And what about the man Bran displaced, the true heir to the Targaryen house? Jon Snow is an able ruler. And in the messy power struggles of amoral Westeros, he should have seized the crown. Who even had to know he killed Dany? Nobody else was there. But instead, he gets justice. Although he probably did the right thing, he still committed the crime of regicide (and treason, and kinslaying, and VAWA I suppose, if we’re counting). He himself is unsure he did the right thing. He knows he deserves punishment and accepts his exile. When Jaime killed Aerys (if I remember correctly), Ned Stark encouraged Robert to send Jaime to the wall in punishment. Robert didn’t, because politics. And when Ned was accused of treason, he too was to be sent to the wall, until Joffrey decided to be a little Hitler. But I digress. Jon losing the right to rule and being sent into exile is justice, and the moral thing in the context of the setting.
Of course, the show went around doing this in the clumsiest way possible. Why are the Unsullied holding him prisoner instead of summarily executing him? They just killed a bunch of unarmed prisoners in the streets for being “enemies of the queen”; why would they set the man who killed the queen free? If the reason for sending him to the wall is the Unsullied, you can just pardon him as soon as they leave for Naath and bring him back. And even if we buy that the Night’s Watch still exists, why does Jon Snow, man of honor, after solemnly accepting that he is to return there, merrily ignore his word and march off past the wall? Wouldn’t it have been so much better to just have Jon escape or something, then have King Bran solemnly informing him that “Bran your brother would like to have you rule besides me, but Bran the Broken must mete justice and send you into exile, wherever you choose”?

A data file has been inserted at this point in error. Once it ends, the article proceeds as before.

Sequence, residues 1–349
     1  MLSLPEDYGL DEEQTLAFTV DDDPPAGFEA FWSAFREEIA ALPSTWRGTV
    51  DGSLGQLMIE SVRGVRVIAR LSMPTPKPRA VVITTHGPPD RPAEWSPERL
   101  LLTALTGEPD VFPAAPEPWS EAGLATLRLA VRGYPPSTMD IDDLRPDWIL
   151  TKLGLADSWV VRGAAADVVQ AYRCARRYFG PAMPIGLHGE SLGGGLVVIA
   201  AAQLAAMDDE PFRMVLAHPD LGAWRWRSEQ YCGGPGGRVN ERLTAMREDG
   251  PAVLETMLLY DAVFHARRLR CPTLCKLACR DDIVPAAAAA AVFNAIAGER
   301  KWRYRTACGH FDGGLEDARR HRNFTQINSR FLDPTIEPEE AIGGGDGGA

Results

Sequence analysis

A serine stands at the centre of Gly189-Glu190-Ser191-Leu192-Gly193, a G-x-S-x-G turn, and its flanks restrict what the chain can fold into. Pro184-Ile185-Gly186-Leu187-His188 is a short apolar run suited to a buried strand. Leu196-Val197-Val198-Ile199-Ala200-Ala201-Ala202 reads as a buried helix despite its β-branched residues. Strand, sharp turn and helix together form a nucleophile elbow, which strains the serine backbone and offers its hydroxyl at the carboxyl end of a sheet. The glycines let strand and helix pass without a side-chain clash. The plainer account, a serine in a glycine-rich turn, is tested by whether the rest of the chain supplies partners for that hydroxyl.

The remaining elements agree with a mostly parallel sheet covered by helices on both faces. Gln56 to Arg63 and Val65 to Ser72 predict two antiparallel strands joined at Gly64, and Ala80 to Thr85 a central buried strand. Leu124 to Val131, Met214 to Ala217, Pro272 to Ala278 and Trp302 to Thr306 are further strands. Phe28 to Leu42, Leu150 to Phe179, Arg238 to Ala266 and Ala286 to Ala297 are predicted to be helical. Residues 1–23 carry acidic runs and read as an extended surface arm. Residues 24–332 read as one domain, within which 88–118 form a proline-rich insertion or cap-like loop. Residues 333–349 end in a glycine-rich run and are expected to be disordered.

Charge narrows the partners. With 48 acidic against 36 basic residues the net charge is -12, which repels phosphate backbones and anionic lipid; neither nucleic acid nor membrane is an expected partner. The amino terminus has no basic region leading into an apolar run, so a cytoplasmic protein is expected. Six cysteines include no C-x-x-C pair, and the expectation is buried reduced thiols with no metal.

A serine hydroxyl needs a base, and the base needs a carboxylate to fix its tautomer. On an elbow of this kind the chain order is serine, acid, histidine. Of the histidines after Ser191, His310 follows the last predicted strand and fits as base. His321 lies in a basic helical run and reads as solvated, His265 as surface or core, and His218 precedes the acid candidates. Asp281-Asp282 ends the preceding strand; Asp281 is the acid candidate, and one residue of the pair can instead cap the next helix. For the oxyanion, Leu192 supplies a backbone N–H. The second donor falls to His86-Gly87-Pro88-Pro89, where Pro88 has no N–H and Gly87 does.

(Also, how does Sam Tarly leave the NW if it still exists? Oh and, if he’s a Maester, what happens to Gilly? And was he part of the council that picked Bran as a Maester or as a Tarly? None of this makes any sense.)
For Jon himself, you can sense that he feels relief. He was never comfortable in the leadership role he was forced into. He’s earned his right to go back to the only place he was ever happy and find himself a Ygritte-replacement and maybe raise a family. Among the free folk, no one will judge him for being a bastard, or put him on a pedestal for being a lord’s son. Nobody will force him to be a king. There is no king among the free folk. And maybe with the wall broken, the democratic values can trickle down south to the North and eventually to the rest of the continent.
Also going into exile is Arya. Arya leaving Westeros makes sense to me. She is no Dany; she’s still a stone-cold killer who needs an atonement. In the scale of the crimes committed in Westeros, murdering the entire Frey family is not even a top 5, but going into exile as an explorer seems appropriate to me.
The Stark’s homeland, the North, gets its well-deserved independence. And peacefully at that! When the North is free, what is to stop the Iron Islands, Dorne, and all the rest of the kingdoms from seceding? But maybe that is in fact Bran the Broken’s destiny: he is to manage the decline of empire. He is the Clement Attlee. Maybe. Or maybe he’ll get deposed by Bronn in a year or so. It’s the Game of Thrones, after all.